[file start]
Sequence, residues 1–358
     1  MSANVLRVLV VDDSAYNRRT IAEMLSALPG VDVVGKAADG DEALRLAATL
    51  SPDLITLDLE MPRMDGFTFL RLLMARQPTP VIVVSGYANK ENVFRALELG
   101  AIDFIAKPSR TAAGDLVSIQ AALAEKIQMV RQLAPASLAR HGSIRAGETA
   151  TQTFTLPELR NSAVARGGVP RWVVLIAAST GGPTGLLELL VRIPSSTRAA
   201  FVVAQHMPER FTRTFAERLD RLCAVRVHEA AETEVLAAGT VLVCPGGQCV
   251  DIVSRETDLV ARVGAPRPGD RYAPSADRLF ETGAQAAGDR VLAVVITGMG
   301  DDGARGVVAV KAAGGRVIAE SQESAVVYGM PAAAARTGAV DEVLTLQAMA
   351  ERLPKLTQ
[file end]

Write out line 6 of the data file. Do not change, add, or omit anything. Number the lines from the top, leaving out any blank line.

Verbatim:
   201  FVVAQHMPER FTRTFAERLD RLCAVRVHEA AETEVLAAGT VLVCPGGQCV